(As prepared for delivery)
President Weiss, President Aksoy, Ambassador Alyemany, distinguished delegates to the United Nations, and other honored guests: thank you for your presence here this evening.
We are here to reflect upon the rich history of Yemen, its unique heritage and cultural treasures, as well as our shared hope for peace, stable governance, and security in Yemen. As I speak tonight, the country’s protracted conflict and the escalation in violence and bloodshed in recent days -- especially the deadly clashes in Aden -- is much on our minds. The United States is calling on all parties to prevent further loss of life, to engage in dialogue and to reach a political solution. The Yemeni people are already facing a dire humanitarian crisis. Additional divisions and violence within Yemen will only increase their suffering.
The United States and the entire international community have been gravely concerned about the food security emergency and cholera outbreak in Yemen, the worst the world has seen in many years. One can only imagine the long nightmare that Yemeni families have faced as food, medicine, and security have disappeared.
Our concerns for the people of Yemen extend to their traditional homes in urban areas, the places where ordinary Yemenis live, eat, sleep, and gather with their families and neighbors – the places that are at the same time accorded World Heritage status for their impressive and ancient cityscapes. For years, in the vacuum of governance, Yemen’s unique tower houses, mosques, and military architecture made of sun-dried bricks have been subjected to widespread unregulated development, vandalism, and direct damage from armed conflict.
This damage will worsen and irreplaceable heritage will be lost if we do not take action – even as solutions to the conflict are urgently pursued. While a political solution remains the only way to advance long-term stability and relieve the dire humanitarian situation in Yemen, we are taking important steps now to prevent the further degradation of invaluable cultural property and heritage sites.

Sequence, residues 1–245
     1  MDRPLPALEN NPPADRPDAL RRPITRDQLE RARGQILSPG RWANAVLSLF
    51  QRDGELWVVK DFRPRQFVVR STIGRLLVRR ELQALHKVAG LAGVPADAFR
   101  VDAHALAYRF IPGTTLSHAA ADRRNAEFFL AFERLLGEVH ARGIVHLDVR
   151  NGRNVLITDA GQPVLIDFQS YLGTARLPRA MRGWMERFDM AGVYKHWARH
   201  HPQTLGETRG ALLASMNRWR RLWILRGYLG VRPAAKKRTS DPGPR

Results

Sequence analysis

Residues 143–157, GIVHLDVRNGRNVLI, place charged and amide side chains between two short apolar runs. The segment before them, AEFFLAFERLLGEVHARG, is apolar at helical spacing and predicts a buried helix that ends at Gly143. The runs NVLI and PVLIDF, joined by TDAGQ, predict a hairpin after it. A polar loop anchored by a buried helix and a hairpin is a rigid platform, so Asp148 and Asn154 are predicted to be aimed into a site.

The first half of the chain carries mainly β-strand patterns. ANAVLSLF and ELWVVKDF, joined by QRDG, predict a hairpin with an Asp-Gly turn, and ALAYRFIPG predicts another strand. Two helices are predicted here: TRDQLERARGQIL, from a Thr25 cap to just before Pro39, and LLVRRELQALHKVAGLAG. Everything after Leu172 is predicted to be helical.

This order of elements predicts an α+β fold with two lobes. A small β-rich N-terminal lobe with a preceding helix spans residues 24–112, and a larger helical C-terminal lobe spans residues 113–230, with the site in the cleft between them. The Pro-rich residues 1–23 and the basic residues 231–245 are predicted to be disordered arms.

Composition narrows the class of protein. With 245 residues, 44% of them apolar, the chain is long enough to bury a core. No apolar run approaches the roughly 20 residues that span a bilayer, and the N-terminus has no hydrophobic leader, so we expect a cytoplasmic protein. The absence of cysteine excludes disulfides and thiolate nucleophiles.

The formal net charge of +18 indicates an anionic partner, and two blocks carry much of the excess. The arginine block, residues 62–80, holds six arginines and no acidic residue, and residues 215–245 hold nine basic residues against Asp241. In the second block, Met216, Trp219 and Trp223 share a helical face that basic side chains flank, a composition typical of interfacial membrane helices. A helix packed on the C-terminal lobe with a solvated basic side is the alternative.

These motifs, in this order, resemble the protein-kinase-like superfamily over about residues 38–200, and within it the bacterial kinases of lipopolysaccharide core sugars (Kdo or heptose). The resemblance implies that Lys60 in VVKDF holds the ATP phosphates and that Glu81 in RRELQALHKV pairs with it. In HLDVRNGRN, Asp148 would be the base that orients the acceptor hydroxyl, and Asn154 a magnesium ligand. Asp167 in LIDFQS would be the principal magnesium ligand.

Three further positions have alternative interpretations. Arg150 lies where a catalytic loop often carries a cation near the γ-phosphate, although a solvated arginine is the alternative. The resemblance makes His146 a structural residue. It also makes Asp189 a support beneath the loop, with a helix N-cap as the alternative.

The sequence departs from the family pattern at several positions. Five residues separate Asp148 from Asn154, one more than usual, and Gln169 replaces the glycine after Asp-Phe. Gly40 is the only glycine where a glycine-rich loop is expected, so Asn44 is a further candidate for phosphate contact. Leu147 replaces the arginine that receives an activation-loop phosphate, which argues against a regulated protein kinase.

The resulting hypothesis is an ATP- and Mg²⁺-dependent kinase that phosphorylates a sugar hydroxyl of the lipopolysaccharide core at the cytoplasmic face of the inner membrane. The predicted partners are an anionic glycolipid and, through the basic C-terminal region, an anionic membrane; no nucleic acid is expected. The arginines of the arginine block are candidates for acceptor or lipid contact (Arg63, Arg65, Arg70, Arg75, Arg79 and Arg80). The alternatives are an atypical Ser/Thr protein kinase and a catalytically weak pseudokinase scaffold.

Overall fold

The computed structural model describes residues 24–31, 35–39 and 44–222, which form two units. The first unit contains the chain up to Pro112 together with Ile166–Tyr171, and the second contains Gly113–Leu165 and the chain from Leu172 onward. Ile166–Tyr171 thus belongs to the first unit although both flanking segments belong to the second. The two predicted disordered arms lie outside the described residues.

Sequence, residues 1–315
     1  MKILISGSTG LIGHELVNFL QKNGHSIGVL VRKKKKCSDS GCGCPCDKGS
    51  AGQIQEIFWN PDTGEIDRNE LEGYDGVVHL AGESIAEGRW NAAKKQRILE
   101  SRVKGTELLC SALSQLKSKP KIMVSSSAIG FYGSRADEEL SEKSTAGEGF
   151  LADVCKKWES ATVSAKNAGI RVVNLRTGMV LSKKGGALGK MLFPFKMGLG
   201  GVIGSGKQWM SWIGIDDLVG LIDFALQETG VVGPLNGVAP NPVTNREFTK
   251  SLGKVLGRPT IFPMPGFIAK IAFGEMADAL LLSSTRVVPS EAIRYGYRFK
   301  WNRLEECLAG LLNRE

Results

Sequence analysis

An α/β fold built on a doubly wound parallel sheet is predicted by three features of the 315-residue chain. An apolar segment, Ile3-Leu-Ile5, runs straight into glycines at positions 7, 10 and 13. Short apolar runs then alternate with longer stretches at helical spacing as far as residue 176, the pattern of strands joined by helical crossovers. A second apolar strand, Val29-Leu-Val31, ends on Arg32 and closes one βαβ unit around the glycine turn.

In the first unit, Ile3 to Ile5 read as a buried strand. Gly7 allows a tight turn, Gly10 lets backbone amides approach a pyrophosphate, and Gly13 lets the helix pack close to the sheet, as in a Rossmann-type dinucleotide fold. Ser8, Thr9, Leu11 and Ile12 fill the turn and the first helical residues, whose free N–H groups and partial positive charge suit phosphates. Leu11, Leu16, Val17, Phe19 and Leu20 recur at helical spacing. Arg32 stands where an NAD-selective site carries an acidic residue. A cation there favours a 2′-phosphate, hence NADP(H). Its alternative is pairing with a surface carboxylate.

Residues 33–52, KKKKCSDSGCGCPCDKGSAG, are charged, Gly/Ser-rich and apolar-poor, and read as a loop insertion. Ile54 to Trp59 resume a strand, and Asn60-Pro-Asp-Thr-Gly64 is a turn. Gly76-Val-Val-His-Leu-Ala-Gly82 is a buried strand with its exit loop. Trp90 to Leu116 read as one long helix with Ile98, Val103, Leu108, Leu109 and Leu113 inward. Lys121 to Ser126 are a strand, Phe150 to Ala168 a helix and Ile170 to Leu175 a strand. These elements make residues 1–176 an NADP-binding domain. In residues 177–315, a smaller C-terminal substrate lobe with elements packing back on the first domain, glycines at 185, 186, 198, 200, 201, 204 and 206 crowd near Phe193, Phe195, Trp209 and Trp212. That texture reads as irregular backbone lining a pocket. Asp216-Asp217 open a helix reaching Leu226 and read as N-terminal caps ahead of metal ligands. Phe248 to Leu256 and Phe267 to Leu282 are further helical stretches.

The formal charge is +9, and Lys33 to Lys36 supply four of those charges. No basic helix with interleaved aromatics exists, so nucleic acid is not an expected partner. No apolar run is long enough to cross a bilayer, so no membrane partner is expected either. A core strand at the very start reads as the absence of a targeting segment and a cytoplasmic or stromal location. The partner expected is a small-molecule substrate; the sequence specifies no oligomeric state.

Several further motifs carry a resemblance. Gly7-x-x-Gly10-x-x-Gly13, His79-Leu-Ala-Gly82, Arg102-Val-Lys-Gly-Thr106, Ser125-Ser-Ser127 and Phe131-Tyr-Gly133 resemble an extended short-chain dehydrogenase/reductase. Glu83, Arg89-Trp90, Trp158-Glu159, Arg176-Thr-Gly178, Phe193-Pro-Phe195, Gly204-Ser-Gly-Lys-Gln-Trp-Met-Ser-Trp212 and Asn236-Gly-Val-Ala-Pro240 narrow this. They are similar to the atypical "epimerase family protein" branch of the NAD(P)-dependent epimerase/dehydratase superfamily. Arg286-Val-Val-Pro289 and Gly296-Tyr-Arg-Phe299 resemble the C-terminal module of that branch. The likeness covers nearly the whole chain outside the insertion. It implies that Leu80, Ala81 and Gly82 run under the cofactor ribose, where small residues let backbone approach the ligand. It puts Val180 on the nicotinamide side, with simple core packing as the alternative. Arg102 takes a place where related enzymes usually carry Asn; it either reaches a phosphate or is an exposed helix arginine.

The U.S. State Department is proud to partner with ICOM in the publication of Emergency Red Lists – including the Emergency Red List for Yemen which is being released today. Protecting the cultural patrimony of countries in crisis like Yemen requires a global response. ICOM’s dedication and coordinated initiatives such as the Red Lists have been vital in fighting antiquities trafficking.
With scientific contributions from international experts and from museum institutions in Yemen, the United States, and Europe, the Red List identifies categories of Yemeni objects which are most at risk of being illicitly trafficked. This is the 16th Red List on which the State Department and ICOM have partnered. Red Lists are an important tool in orienting law enforcement officials to the types of artifacts that have been looted from archaeological sites, stolen from museums and mosques, and illicitly trafficked.
The State Department also greatly values our partnership with the Metropolitan Museum of Art and the series of public events such as this one tonight that have sounded the alarm on “heritage in peril” in Syria, Iraq, and now Yemen. Museums allow us to contemplate the role of history and culture in the development of modern society. Here in this magnificent space, we are inspired to consider our shared future and the heights of artistic and cultural endeavor that mankind can achieve.
We appreciate the leadership role that the Met has adopted in the fight to preserve and protect humanity’s heritage. Together, we are exposing the mechanisms by which terrorist groups such as Al Qaeda and ISIS profit from the looting, theft, and sale of “conflict antiquities;” and, we are increasing awareness of efforts to protect and preserve the cultural heritage of ethnic minorities in the Middle East.
The Yemen that many here tonight no doubt remember is a place of vibrant neighborhoods, markets rich with incense, coffee and spices, and active ports and fisherman. I hope that one day, in a Yemen that has regained its footing, I will be able to visit its cities, mountaintop villages, and archaeological sites and see them intact and tranquil.
Yemen is an important partner to the United States and key to stability in the wider region. A stable, unified Yemen will not only improve the humanitarian situation for millions of Yemenis, but will also help preserve Yemen’s amazing cultural history for generations to come – a history of which all Yemenis can be proud. Today’s Red List release is a significant step to protect Yemen’s heritage. We look forward to continuing this critical work together.
Thank you very much.